3 Smith v. McGuire, 3 H. & N. 554 (1858); Hurlburt v. Kneeland, 32 Vt. 316 (1859).
4 Iowa v. Haskell, 20 Iowa, 276 (1866); McCurdy v. Rogers, 21 Wis. 197 (1866).
5 White v. Langdon, 30 Vt. 599 (1858); Pursley v. Morrison, 7 Ind. 356 (1855); Whiting v. Western Stage Co., 20 Iowa, 554 (1866).
6 Story on Agency, § 126 et seq., and cases cited; 2 Kent, Comm. lect. 41, p. 620, 621; Paley on Agency, by Lloyd, 198, 199 to 208; Fenn v. Harrison, 3 T. R. 757; Pickering v. Busk. 15 East, 45; Helyear v. Hawke, 5 Esp. 72, 75; Jeffrey v. Bigelow, 13 Wend. 518; Schimmelpennich v. Bayard, 1 Peters, 264; Withington v. Herring, 5 Bing. 442. So, also, see 1 Pothier on Oblig., Evans, 79, n.; ib. 447, 448, n.; Planters' Bank v. Cameron, 3 Sm. & M. 609; Linsley v. Lovely, 26 Vt. 123 (1853); Butler v. Maples, 9 Wall. 766 (1869). And the authority of a general agent even is restricted to the range of his employment, and the acts and representations which a prudent and ordinarily sagacious and experienced person might expect him to do, or to be authorized to make, on behalf of his principal. Farmers' M. F. Ins. Co. v. Marshall, 29 Vt. 23 (1856), per Red-field, C. J. This case contains an interesting consideration of the extent of the authority of a general agent to procure applications for an insurance company.
1 Fenn v. Harrison, 3 T. R. 757, 762; s. c. 4 T. R. i77, per Ashhurst, J. See also, on this subject, Croom v. Swann, 1 Florida, 211; Bradford v. Bush, 10 Ala. 386; Nelson v. Cowing, 6 Hill, 336; Hunter v. Jameson, 6 Ired. 252; Coleman v. Riches, 16 C. B. 104; 29 Eng. Law & Eq. 326.
2 Pickering v. Busk, 15 East, 45. See also 2 Kent, Comm. 621, lect. 41; Story on Agency, § 132; Fenn v. Harrison, 3 T. R. 760; Helyear v. Hawke, 5 Esp. 72; Taggart v. Stanbery, 2 McLean, 543.
3 Brown v. Johnson, 12 Sm. & M. 398. See also Mayor, etc, of Little Rock v. State Bank, 3 Eng. 227.
4 Gibson v. Colt, 7 Johns. 390. See also Nixon v. Hyserott, 5 Johns. 58. vol. i. 14 lands, it was held, that his warranty was binding on the principal, a conveyance with warranty being the ordinary form in the country.1 But an agent with express authority to sell an article not usually sold with a warranty, as bank stock, for instance, has no implied authority to warrant.2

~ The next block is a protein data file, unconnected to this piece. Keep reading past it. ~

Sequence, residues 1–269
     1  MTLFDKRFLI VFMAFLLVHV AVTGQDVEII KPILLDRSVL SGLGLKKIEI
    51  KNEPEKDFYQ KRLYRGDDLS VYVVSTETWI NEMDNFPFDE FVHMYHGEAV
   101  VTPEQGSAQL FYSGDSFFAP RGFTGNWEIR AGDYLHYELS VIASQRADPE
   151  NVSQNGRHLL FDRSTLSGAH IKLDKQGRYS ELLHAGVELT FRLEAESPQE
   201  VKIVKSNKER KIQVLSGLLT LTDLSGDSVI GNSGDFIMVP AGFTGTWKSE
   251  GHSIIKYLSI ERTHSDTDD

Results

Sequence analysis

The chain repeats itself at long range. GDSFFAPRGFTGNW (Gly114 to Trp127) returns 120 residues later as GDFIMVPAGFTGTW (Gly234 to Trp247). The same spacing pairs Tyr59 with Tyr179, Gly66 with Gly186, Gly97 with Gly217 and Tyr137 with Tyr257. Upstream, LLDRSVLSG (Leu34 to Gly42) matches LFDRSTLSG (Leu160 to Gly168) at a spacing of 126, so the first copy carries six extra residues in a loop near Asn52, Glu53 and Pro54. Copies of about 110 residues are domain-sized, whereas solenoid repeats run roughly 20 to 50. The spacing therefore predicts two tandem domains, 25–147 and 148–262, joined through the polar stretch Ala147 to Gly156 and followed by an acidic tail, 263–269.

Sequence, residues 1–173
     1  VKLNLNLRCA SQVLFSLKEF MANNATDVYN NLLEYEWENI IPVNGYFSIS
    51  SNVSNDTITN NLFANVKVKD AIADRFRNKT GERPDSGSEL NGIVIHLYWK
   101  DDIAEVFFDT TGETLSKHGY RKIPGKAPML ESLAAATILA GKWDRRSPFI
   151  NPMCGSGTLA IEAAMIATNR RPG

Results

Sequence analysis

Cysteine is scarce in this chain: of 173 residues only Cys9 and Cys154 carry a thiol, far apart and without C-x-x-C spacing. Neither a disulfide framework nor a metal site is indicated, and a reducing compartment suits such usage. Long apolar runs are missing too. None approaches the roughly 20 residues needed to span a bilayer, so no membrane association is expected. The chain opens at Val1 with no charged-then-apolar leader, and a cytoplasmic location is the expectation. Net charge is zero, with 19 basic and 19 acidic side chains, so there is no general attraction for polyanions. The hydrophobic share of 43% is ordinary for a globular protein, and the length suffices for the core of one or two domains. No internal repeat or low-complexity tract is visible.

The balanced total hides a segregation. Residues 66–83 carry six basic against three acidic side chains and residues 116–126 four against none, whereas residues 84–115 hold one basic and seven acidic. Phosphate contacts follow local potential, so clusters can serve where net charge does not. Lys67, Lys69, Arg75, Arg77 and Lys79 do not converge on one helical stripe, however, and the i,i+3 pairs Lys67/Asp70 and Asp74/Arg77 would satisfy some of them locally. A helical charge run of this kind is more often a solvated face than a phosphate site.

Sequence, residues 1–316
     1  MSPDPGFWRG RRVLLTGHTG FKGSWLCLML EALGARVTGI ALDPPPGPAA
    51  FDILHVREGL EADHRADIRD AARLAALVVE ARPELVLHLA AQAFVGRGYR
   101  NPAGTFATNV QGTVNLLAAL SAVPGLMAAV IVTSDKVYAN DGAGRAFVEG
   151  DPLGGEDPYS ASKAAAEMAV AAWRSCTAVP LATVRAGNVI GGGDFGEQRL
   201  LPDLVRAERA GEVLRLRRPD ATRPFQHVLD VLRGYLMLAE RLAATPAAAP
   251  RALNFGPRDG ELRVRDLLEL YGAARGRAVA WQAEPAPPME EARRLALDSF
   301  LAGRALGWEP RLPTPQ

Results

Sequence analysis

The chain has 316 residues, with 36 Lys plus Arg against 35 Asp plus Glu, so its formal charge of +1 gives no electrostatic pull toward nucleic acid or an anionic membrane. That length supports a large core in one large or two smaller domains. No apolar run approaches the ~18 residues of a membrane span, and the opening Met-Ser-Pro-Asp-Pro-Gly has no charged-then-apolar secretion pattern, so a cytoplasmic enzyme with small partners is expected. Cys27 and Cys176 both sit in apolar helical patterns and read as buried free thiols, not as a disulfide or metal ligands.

§ 214. So, also, the representations, declarations, admissions, and even concealments of an agent, constituting a part of the res gestae, and being the inducement to the contract, and made at the same time, are binding upon the principal.3 But if they be made at another time, and do not form a part of the res gestae, the principal will not be bound.4 For the agent can only bind the principal by such statements or concealments in reference to the subject-matter of the contract, as he makes, or is understood to make, in his character of agent.6 Thus, the representations made by an agent at the authorized sale of a horse, in regard to the soundness of the horse, will be binding upon the principal; but his representations upon the same subject, at a different time, would not be binding, because they could not be presumed to be made by him as agent.1 So, also, if the agent should give a warranty, contrary to his instructions, the principal would be bound, if the agency were general.2 So, also, an agent employed for a special object, may use the ordinary means for accomplishing it, and if he make false representations, in the due course of such transaction, the principal is bound by them.8 And any fraud or misrepresentation, which would bind the principal, if he made it himself, will equally bind him, if made by his agent within the scope of his authority,4 and in the course of his business.
1 Taggart v. Stanbery, 2 McLean, 543. See Peters v. Farnsworth, 15 Vt. 155; North River Bank v. Rogers, 22 Wend. 649.
2 Smith v. Tracy, 36 N. Y. 79 (1867), explaining Bennett v. Judson, 21 N. Y. 238, and Condit v. Baldwin, 21 N. Y. 219. A general agent to sell may bind his principals by a warranty. Milburn v. Belloni, 34 Barb. 607.
3 Story on Agency, § 135 et seq., and cases cited; Peto v. Hague, 5 Esp. 135; Fairlie v. Hastings, 10 Ves. 126, 127; Garth v. Howard, 8 Bing. 451; Hannay v. Stewart, 6 Watts, 489; Helyear v. Hawke, 5 Esp. 72; Marsh, on Ins., B. 1, ch. 11, § 1, p. 466; Fillis v. Brutton, ib. 465; Stewart v. Dun-lop, 4 Bro. P. C. 483; Willes v. Glover, 1 Bos. & Pul. N. R. 14; Doggett v. Emerson, 3 Story, 700. Declarations of an agent in the scope of his employment, and his knowledge of facts and circumstances affecting it, bind his principals. Willard v. Buckingham, 36 Conn. 395 (1870).
4 Helyear v. Hawke, 5 Esp. 72; Cornfoot v. Fowke, 6 M. & W. 358; Tillotson v. McCrillis, 11 Vt. 477; Corbin v. Adams, 6 Cush. 93; Royal v. Sprinkle, 1 Jones (N. C), 505; Byers v. Fowler, 14 Ark. 87; Robinson v. Fitchburg Railroad, 7 Gray, 92; Luby v. Hudson River Railroad, 17 N. Y. 131; Saunders v. McCarthy, 8 Allen, 42. But see Graham v. Schmidt, 1 Sandf. 74.
5 Garth v. Howard, 8 Bing. 451; Helyear v. Hawke, 5 Esq. 72, 73; Langhorn v. Allnutt, 4 Taunt. 511; Betham v. Benson, Gow, 45; Fairlie v. Hastings, 10 Ves. 123; Paley on Agency, by Lloyd, 257, 268, 269; Maesters v. Abraham, 1 Esp. 375; Hannay v. Stewart, 6 Watts, 489; Story on Agency, § 137; Doggett v. Emerson, 3 Story, 700.
§ 215. But fraudulent acts of the agent beyond the scope of his authority, and especially if they be in contravention of his duty and against the rights of his principal, will not be binding upon the principal. Where, therefore, the agent of a wharfinger, whose duty it was to give receipts for goods actually received at the wharf, fraudulently gave a receipt for goods which had not been received, the principal was held not to be responsible.5 So, also, the representations of a professed agent, although they should form a part of the res gestce, would not be available to prove the fact of his agency or the extent of his authority, if questioned by his principal, however publicly such declarations should be made.6